What Does It Mean to Be Plastic Neutral?
In 2020, Natalist became the first company in our space to carry a guaranteed net-zero plastic footprint, and we’re super excited to have this as a part of our broader Mother Earth initiative. Find out what it means to become plastic neutral and how we’re partnering with rePurpose Global to help reduce our environmental impact.
What is a plastic footprint?
Putting Mother Earth first means prioritizing sustainability and acknowledging our plastic footprint. A plastic footprint is the total weight of plastic used or produced. For businesses, calculating a simple plastic footprint estimate is pretty easy. It involves measuring the amount and type of plastic being used in products and packaging, and multiplying that amount by the number of units sold. rePurpose Global has come up with a way to assess plastic footprints in order to understand contribution, track progress, and take meaningful action to reduce plastic waste.
Who is rePurpose Global?
Natalist partners with rePurpose Global to enable our plastic neutral promise. They are a global, pending B-corporation that codesigns and finances supply chain interventions in collaboration with vetted recycling projects worldwide. They are the group that certifies our Certified Net Zero Plastic Footprint and holds us accountable to our promise.
rePurpose Global recognizes plastic pollution as a systemic problem, meaning it impacts everything and everyone. Currently rePurpose Projects are operating in five different countries: Kenya, India, Indonesia, Ghana, Colombia, and Dominican Republic. In these countries, 14 different projects are creating systemic change through recovering plastic waste. These include advancing plastic alternatives and redesigns to avoid plastic waste, investing in infrastructure to help collect, recycle, and recover waste, and recovering plastic from our oceans. Through these projects, over 13 million kilos of plastic waste has been recovered as of April 2023.
What is plastic neutrality?
Being plastic neutral means that for every amount of plastic created, a measured equivalent of plastic waste is recovered and removed from the environment by an individual or company through recycling/waste management efforts or plastic offset credits.
In our case, being plastic neutral means that for every pound of plastic we sell, we facilitate the removal of a pound of plastic pollution—giving every purchase of our products a net-zero plastic footprint. We do this through a partnership with rePurpose Global to fund and facilitate the collection, processing, and reuse of ocean-bound plastic waste.
Plastic neutral vs plastic free
There are a lot of terms surrounding sustainability and business, and it’s easy to get them confused. It’s important to note that being plastic neutral is not the same as being ‘plastic free,’ which implies that a company does not use any plastic in its products or business operations. Plastic neutrality means that plastic is still being used in product or packaging, but an equal amount of plastic waste is being removed from the environment with every product produced or sold. This is different from carbon neutral, which refers to a business using carbon offsets or alternative energy sources to produce, deliver, and use a product. We’re proud to be plastic-neutral and are excited about improving our sustainability practices in other ways as we work towards the future.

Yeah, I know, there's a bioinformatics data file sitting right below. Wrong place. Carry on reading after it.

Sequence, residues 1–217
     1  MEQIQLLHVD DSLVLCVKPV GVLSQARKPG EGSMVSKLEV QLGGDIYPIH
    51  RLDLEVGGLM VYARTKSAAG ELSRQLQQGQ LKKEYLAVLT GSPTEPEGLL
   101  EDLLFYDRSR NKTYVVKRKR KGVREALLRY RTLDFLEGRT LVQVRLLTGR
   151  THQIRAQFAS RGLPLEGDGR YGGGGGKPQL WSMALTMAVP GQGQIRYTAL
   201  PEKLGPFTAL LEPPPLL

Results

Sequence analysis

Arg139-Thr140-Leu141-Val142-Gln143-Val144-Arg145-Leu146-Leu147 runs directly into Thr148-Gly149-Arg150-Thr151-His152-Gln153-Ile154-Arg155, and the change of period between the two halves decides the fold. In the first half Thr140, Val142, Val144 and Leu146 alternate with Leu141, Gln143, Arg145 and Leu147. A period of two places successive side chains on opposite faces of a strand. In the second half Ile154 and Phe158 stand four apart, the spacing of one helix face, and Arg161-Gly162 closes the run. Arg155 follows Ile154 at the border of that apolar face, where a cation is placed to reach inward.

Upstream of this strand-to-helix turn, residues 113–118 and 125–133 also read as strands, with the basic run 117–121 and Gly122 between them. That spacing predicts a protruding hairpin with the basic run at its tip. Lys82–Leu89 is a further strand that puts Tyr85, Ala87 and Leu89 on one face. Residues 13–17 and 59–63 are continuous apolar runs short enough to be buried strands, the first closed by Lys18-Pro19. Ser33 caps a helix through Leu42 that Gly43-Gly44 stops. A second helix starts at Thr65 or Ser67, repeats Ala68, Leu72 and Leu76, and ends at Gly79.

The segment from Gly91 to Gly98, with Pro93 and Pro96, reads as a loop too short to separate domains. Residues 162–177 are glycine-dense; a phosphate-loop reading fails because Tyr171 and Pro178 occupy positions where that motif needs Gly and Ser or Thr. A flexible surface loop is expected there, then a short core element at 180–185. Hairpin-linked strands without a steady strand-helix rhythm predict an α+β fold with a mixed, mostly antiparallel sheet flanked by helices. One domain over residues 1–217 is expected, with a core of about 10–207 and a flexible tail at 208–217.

What you should know about plastic waste
Many of us have heard about saving the turtles and recycling, but there are a lot of statistics behind plastic pollution that aren’t as widely discussed. For example:
- 362 billion kilos of plastic is produced annually (that’s about 798 billion pounds)
- 90% of waste is openly dumped or burned in low-income countries
- Over 90% of plastic waste is dumped into the environment
- 3 billion people don't have access to proper waste collection
- Up to 51 trillion microplastics can be found floating in our oceans
To break it down even further, 50% of our plastic waste comes from the disposal of single-use plastics such as surgical gloves, bottles, straws, plastic packaging and containers, utensils, etc.—many of which will never even make it to a landfill due to factors such as improper disposal or simply being so lightweight that they blow away during transport.
Since the healthcare industry is responsible for much of the single-use plastics, we also must acknowledge the impact on the health of our planet, and thus, the long-term health of humanity. One would think that the connection between healthcare and environmentalism would be inseparable. After all, climate change is one of the biggest threats to human health.
Why sustainability matters
Prioritizing sustainable products is one small step towards improving the large amount of waste caused by the healthcare industry. We know that climate change is a very real problem that will continue to impact human health and the environment for decades. We also know that vulnerable communities are often the ones being disproportionately impacted by the effects of climate change and pollution. Sustainable choices benefit the health of our families, the environment, our communities, and generations to come.
Will Natalist ever become plastic free?
We acknowledge that going plastic neutral doesn’t come close to solving the plastic problem at hand, but we believe this is a step in the right direction. Going plastic neutral was just the beginning. We are actively working to combat our global impact even further through the exploration of new technologies and materials that are kinder to our planet without compromising quality.
We launched our Mother Earth sustainability initiative in August of 2020 to outline what we're doing now and what we are working towards for the future. We hope you’ll join us in our support of Mother Earth.
Learn more about our Mother Earth sustainability initiative.